How much house can you afford?
You've saved up a down payment and you're ready to purchase your first home. You hope to buy your dream home, until reality strikes. The purchase price you can afford isn't what you'd hoped for. But how exactly do lenders decide your maximum purchase price? And how can you know whether you'll be able to afford your mortgage payments if rates rise? How much house you can afford depends on a number of factors, including your income, down payment amount and mortgage rate. Here's how it works:
Your monthly income
When you apply for a mortgage, lenders want to know you'll be able to repay the debt. They determine this by looking at something called debt service ratios. The debt service ratios compare your take-home pay to your expenses. If you're a single, first-time homebuyer earning a modest salary in a pricey real estate market like Toronto or Vancouver, you may have a tough time affording your dream home.
Try not to be discouraged if your debt service ratios don't look as good as you'd hoped. These ratios aren't set in stone; there are ways to improve them. To boost the maximum purchase price you can afford, you can look for ways to reduce your debt, such as paying off student debt and car loans. If you're nowhere near the purchase price you'd like, you might consider aiming for a more modest property.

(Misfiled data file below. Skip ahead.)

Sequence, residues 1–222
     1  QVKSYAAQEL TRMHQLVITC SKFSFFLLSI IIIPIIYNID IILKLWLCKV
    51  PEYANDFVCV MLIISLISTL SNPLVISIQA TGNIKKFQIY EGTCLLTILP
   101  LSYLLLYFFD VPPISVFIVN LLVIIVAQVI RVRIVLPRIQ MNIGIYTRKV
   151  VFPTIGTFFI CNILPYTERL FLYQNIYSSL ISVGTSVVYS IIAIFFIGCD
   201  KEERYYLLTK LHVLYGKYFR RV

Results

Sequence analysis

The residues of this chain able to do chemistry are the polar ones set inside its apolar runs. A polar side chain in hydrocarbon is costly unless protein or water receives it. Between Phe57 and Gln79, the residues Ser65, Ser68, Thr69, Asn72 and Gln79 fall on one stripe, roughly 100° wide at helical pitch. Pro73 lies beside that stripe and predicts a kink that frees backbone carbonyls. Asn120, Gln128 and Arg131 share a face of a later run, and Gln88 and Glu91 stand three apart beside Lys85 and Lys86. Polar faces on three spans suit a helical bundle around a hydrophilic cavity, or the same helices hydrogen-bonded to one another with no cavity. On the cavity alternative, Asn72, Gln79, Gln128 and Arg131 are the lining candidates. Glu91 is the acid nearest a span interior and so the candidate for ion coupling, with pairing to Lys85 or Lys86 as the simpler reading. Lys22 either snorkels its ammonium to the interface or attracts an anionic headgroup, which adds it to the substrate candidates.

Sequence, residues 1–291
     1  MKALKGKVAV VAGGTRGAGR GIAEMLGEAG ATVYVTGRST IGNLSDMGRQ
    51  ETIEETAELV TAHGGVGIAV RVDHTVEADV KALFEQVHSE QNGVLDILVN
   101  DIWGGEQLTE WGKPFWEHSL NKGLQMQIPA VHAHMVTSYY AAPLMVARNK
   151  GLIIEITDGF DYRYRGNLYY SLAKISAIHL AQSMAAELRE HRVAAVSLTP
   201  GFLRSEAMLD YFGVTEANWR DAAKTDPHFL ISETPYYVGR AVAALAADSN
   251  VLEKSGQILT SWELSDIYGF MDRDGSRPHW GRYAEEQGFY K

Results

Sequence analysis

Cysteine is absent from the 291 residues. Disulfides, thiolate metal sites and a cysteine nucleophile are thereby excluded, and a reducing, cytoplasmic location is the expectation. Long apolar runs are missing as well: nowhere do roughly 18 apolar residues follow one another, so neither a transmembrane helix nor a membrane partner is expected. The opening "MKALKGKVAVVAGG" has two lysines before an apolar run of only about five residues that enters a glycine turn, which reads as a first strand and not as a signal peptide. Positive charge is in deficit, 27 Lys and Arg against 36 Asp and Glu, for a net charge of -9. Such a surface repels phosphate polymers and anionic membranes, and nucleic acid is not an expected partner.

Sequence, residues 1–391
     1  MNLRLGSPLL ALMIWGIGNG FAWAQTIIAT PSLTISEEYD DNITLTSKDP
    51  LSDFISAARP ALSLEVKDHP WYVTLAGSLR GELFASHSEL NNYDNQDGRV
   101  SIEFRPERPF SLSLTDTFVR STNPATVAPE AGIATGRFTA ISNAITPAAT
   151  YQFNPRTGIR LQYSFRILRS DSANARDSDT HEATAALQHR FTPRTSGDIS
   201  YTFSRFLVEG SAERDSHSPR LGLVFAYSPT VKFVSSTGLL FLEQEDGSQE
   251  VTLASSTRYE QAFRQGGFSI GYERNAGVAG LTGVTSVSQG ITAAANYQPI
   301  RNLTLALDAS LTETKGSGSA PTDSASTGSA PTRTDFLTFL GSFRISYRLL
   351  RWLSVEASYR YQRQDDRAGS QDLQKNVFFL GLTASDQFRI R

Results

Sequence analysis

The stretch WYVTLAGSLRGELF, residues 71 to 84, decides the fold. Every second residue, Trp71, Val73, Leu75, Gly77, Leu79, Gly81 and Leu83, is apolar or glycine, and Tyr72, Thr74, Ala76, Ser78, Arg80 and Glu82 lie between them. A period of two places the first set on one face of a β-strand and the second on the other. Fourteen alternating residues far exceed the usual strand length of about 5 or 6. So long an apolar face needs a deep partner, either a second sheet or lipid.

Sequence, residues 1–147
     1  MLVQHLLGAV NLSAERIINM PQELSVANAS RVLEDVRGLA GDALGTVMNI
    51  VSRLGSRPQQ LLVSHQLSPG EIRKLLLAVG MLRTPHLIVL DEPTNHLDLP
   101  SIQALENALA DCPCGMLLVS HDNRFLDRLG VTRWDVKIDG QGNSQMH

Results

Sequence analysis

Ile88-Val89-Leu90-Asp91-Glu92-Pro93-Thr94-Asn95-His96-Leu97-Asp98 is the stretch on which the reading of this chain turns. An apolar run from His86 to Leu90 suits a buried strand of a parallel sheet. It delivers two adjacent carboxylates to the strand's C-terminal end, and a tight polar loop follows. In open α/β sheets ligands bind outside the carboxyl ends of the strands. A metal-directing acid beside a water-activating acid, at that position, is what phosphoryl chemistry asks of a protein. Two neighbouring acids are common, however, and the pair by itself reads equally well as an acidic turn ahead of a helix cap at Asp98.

Your down payment
The size of your down payment has a big impact on how much house you can afford. The down payment is perhaps the biggest barrier to entry for renters who'd like to be homeowners. Lenders want to see that you have some skin in the game — that's why you're required to put some money down when buying a property.
The minimum down payment is 5 percent for the portion of the purchase price up to $500,000 and 10 percent for the remaining portion of the purchase price up to $999,999. But when you make the minimum down payment, you must also buy mortgage default insurance. To qualify for an uninsured mortgage, you'll need a down payment of at least 20%.
If the maximum home price you can afford looks discouraging, you can solve that by saving a larger down payment. This is often easier said than done. If your household budget is already tight, look for ways to spend less. Consider skipping the latte and packing a lunch, taking public transit instead of driving, and using RSP funds to take advantage of the Home Buyers' Plan.
The third factor is the mortgage rate. The mortgage rate and the maximum purchase price you can afford have an inverse relationship. All things being equal, the lower the mortgage rate, the higher the purchase price you can afford and vice-versa. Unfortunately, mortgage rates are something homebuyers have little control over.
However, there are still things buyers can do to protect themselves. Obtain a mortgage pre-approval and/or a rate hold when house hunting. A rate hold will protect you if mortgage rates rise while you're looking for a home and/or applying for your financing.
Once you've bought a home and have started paying your mortgage, there are ways to protect yourself from rising rates. You could increase your payments while rates are low, so you're paying down your mortgage faster. You might also consider putting any extra cash directly towards your mortgage. Just double check your mortgage agreement to make sure there are no penalties for doing so.